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Posts Tagged ‘cars’

102318-NYC-subway-Happy-New-Year-mosaic

Our New Year’s Eves are quiet these days. We watched an Agatha Christie on television and went to sleep. But I’ve been saving a suitable tile from the New York subway system since my October trip to visit my sister, so here it is and Happy New Year!

2018 was not a good year for my sister, who was diagnosed with a bad brain cancer in July. But it was also a year we learned to be grateful for things like a clean surgery and cancer treatments without bad side effects. My perspective changed.

My perspective on the nation and on the future of the planet and my own role in it has also been evolving. I began to suspect that, other than our Bill of Rights, our country may not be as special as we thought. After all, all countries think they are special. And even the Bill of Rights can’t survive unless we commit to protecting it and interpreting it justly. Surely none of those rights were intended to lead to the deaths of thousands of innocent Americans every year. Perhaps 2018 was a turning point.

I’ve also been giving more thought to my role in global warming. Do I make too many unnecessary car trips when I could walk or take public transportation? Do I serve the family too much meat, especially beef? Should I find a way to plant more trees? I know I need to stop sneaking around the local laws against plastic bags and find a sustainable alternative.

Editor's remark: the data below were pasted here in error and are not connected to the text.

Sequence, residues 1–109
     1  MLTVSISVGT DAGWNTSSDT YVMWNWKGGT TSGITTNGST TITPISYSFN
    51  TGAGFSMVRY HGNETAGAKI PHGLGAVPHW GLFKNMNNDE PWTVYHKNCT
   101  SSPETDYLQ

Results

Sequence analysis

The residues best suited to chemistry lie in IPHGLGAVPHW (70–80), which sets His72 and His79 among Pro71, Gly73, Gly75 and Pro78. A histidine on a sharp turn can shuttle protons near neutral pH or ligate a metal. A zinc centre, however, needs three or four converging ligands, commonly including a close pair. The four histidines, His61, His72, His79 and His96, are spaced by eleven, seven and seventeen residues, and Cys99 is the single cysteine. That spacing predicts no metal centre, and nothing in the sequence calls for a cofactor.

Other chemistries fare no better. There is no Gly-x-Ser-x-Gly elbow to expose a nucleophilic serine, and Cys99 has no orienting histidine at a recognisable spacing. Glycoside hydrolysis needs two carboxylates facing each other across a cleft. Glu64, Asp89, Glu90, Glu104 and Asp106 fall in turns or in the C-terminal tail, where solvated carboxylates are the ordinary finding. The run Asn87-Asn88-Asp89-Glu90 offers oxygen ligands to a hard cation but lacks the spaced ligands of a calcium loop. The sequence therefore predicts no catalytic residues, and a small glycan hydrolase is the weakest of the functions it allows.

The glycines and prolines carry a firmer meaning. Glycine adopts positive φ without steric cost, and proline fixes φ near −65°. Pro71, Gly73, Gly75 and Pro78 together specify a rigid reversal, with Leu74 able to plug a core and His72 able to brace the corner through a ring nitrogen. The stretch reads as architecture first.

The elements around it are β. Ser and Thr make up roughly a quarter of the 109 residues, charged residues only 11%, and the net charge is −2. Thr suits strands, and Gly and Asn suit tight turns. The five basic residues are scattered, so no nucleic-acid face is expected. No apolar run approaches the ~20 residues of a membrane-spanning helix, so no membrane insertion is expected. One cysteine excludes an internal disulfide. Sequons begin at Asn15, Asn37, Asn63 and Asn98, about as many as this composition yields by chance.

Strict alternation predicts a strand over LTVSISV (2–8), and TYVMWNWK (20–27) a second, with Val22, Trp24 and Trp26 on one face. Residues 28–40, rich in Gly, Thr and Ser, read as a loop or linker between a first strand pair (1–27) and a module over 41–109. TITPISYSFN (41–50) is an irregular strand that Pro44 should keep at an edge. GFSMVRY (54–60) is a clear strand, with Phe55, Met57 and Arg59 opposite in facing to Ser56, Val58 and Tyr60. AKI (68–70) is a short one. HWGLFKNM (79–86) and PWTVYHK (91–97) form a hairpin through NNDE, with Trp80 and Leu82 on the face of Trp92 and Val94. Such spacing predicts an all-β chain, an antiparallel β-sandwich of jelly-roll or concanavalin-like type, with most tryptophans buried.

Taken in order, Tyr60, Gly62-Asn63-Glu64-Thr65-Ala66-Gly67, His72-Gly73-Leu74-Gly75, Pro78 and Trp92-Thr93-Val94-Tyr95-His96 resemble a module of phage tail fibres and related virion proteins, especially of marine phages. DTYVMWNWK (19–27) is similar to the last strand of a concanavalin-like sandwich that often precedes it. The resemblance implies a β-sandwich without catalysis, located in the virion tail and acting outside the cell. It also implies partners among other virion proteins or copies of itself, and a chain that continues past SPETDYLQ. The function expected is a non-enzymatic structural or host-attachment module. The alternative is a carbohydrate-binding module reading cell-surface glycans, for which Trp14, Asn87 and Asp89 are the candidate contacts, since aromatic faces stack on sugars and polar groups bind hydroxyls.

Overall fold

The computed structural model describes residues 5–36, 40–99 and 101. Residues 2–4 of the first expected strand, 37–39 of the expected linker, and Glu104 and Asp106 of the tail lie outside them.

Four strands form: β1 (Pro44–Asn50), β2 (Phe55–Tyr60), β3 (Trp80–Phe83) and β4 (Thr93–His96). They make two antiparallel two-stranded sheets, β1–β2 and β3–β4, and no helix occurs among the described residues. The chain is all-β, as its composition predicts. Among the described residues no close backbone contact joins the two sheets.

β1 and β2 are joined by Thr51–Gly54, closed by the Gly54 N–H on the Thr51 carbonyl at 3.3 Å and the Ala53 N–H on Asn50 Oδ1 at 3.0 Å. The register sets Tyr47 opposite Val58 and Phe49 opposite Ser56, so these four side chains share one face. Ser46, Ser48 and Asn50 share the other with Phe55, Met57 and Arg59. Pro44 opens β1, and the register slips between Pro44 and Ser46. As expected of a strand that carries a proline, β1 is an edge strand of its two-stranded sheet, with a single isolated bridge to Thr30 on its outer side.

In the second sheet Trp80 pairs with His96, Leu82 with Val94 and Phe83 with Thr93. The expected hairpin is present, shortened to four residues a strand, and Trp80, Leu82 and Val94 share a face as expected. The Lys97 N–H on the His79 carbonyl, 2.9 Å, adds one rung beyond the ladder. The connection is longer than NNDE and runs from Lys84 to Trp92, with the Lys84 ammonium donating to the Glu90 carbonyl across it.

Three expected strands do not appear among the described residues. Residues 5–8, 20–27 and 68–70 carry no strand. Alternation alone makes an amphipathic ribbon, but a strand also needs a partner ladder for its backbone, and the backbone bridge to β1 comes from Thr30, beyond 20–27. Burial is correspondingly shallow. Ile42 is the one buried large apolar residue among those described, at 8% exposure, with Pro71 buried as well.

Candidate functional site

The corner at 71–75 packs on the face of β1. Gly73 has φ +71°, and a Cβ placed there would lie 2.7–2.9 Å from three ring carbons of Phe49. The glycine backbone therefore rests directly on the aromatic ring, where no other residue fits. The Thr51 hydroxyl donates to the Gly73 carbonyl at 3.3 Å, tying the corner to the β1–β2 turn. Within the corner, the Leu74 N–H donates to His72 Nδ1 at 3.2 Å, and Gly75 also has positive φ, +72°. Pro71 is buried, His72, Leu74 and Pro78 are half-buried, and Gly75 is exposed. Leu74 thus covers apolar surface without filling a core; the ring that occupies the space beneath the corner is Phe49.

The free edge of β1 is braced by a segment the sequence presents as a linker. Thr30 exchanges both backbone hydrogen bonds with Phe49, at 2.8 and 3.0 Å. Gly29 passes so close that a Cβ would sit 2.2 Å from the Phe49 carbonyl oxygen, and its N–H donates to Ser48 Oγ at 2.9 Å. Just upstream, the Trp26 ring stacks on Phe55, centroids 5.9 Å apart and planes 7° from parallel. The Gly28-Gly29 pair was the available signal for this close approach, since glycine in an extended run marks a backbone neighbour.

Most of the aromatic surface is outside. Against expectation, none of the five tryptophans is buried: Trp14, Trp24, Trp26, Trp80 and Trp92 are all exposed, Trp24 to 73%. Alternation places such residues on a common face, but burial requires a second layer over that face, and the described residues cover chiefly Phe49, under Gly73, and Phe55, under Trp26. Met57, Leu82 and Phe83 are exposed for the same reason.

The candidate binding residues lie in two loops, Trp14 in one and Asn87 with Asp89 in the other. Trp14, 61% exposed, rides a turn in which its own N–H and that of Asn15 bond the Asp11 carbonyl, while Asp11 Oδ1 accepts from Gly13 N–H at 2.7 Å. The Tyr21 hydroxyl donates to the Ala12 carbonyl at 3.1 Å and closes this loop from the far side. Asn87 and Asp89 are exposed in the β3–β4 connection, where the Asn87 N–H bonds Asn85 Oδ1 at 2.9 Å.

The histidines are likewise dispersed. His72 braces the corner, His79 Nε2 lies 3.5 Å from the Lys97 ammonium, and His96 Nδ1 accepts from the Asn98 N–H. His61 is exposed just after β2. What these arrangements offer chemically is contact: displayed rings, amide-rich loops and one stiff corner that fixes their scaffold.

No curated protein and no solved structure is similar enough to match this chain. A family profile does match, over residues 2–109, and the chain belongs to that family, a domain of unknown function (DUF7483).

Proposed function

I will be writing more about initiatives to protect the planet and will be looking for ideas to apply in my own life from you and from websites like 1MillionWomen. By the way, I learned about 1MillionWomen from a wonderful book called Climate Justice, by Mary Robinson. I hope you will put it on your list. It shows how the poorest communities are the first to feel the crunch of global warming and how, if we pay attention to those communities, we will also be taking arm against the sea of troubles that threatens us all.

Even better, the book shows how extraordinarily effective ordinary people can be when they have simply had enough.

 

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“New York City is using poetry to boost traffic safety. The city is installing 200 colorful 8-inch square signs featuring haiku about safety at cultural spots, schools, and high accident areas. In an age when many messages compete for attention, officials hope that ones such as

‘Oncoming cars rush
‘Each a 3 ton bullet
‘And you, flesh and bone’

“will encourage pedestrians to exercise caution.”

So writes the Innovators Insights listserv, linking to the CBS New York news story, where you will find some amused and amusing comments from New Yorkers.

“ ‘What we’ve learned that is that the more innovative the message and with a little bit of humor, or something a little off beat, is much more effective form of communication,’ Transportation Commissioner Janette Sadik-Khan said.”

Reminds me of my October post on traffic mimes in Caracas. Remember? There’s something delightfully incongrous about traffic adminsitrators being the ones, out of all possible professions, to use mimes and haiku to further their work objectives.

But maybe I don’t know much about traffic administrators.

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